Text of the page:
In recent days, the number of newly confirmed COVID cases in China has soared to record highs, and Chinese authorities have responded to this with unprecedented lockdowns.
As a result, almost 400 million Chinese are now “under full or partial lockdown”…
Nearly 400 million people across 45 cities in China are under full or partial lockdown as part of China’s strict zero-Covid policy. Together they represent 40%, or $7.2 trillion, of annual gross domestic product for the world’s second-largest economy, according to data from Nomura Holdings.
Analysts are ringing warning bells, but say investors aren’t properly assessing how serious the global economic fallout might be from these prolonged isolation orders.
Chinese lockdowns are a lot more brutal than lockdowns in the western world.
By now, you have probably seen video footage of Shanghai residents literally screaming from their apartment windows.
I have never seen anything like that before, and these lockdowns will continue as long as COVID keeps spreading.
To put this in perspective, the number of people that are currently locked down in China is greater than the total population of the United States.
Needless to say, these lockdowns are bringing the Chinese economy to a grinding halt, and that is going to affect the entire planet. At the Port of Shanghai, activity “is essentially at a standstill”…
The Port of Shanghai, which handled over 20% of Chinese freight traffic in 2021, is essentially at a standstill. Food supplies stuck in shipping containers without access to refrigeration are rotting.
This is an enormous problem for those of us in the western world, because our stores are normally filled with goods that have been made in China.
And this even extends to our food supply. For example, we send giant mountains of apples to China where they are processed and sent back to us as apple juice.
We need to hope that the lockdowns in China end soon, because if that does not happen it will likely create tremendous shortages all over the planet.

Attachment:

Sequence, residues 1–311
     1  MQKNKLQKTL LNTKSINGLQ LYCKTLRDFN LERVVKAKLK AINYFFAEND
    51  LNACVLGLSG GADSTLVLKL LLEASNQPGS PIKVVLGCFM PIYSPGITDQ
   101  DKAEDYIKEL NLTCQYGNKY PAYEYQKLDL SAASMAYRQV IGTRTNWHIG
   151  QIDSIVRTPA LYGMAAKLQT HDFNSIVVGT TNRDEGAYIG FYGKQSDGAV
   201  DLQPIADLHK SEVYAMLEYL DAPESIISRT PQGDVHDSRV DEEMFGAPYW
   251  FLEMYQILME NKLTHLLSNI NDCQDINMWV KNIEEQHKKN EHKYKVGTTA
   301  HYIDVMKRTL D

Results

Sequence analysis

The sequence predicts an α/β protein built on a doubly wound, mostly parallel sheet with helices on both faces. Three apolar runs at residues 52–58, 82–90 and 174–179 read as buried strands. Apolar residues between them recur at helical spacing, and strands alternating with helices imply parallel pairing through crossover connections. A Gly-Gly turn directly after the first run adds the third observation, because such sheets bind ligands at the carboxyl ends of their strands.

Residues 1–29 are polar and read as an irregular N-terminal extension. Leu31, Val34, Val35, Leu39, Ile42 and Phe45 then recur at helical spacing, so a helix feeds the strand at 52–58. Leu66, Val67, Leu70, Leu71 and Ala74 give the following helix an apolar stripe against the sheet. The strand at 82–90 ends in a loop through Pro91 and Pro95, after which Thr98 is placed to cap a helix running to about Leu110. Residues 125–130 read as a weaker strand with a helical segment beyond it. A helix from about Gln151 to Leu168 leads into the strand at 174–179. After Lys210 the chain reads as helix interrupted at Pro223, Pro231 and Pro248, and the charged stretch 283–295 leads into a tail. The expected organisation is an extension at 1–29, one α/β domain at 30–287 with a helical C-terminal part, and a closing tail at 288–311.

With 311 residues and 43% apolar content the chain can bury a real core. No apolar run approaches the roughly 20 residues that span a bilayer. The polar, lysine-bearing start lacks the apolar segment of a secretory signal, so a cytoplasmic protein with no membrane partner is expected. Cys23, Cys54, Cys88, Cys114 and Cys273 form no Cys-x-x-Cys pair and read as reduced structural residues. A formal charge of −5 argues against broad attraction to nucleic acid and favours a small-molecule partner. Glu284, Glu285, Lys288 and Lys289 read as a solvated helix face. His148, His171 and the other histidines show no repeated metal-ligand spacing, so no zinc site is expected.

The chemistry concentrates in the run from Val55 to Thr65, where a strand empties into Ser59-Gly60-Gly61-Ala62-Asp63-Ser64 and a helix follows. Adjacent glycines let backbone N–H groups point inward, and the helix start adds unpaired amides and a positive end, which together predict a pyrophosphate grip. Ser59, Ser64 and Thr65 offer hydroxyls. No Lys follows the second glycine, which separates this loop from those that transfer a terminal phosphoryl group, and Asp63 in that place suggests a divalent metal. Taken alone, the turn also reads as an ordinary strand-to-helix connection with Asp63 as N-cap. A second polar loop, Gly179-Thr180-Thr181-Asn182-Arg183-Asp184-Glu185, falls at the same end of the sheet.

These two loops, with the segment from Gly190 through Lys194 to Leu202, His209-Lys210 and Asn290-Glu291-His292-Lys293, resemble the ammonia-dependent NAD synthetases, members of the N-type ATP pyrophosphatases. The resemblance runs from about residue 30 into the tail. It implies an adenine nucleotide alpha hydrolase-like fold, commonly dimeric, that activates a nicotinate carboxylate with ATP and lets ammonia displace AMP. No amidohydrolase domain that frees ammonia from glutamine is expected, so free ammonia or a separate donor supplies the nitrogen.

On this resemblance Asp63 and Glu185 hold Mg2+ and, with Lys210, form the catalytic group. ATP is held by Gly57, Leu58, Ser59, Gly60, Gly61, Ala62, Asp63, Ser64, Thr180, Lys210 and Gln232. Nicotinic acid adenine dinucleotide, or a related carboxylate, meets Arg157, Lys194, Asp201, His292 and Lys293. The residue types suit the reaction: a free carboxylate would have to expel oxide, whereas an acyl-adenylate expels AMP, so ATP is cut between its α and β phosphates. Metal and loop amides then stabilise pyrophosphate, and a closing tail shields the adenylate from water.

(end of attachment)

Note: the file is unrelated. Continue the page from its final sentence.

Meanwhile, the fertilizer crisis in the United States is about to get even worse.
Previously, I have written about how the skyrocketing cost of fertilizer is going to cause massive problems for many U.S. farmers, and now many of those farmers may not be able to get the fertilizer that they need at all due to “railroad-mandated shipping reductions”. The following comes directly from a notice released by CF Industries…
CF Industries Holdings, Inc. (NYSE: CF), a leading global manufacturer of hydrogen and nitrogen products, today informed customers it serves by Union Pacific rail lines that railroad-mandated shipping reductions would result in nitrogen fertilizer shipment delays during the spring application season and that it would be unable to accept new rail sales involving Union Pacific for the foreseeable future. The Company understands that it is one of only 30 companies to face these restrictions.
CF Industries ships to customers via Union Pacific rail lines primarily from its Donaldsonville Complex in Louisiana and its Port Neal Complex in Iowa. The rail lines serve key agricultural areas such as Iowa, Illinois, Kansas, Nebraska, Texas and California. Products that will be affected include nitrogen fertilizers such as urea and urea ammonium nitrate (UAN) as well as diesel exhaust fluid (DEF), an emissions control product required for diesel trucks. CF Industries is the largest producer of urea, UAN and DEF in North America, and its Donaldsonville Complex is the largest single production facility for the products in North America.
I was astounded to hear that 30 different companies will be affected by these reductions.
Someone at Union Pacific needs to give us some straight answers about what is really going on, because the CEO of CF Industries says that this change “could not come at a worse time for farmers”…
“The timing of this action by Union Pacific could not come at a worse time for farmers,” said Tony Will, president and chief executive officer, CF Industries Holdings, Inc. “Not only will fertilizer be delayed by these shipping restrictions, but additional fertilizer needed to complete spring applications may be unable to reach farmers at all. By placing this arbitrary restriction on just a handful of shippers, Union Pacific is jeopardizing farmers’ harvests and increasing the cost of food for consumers.”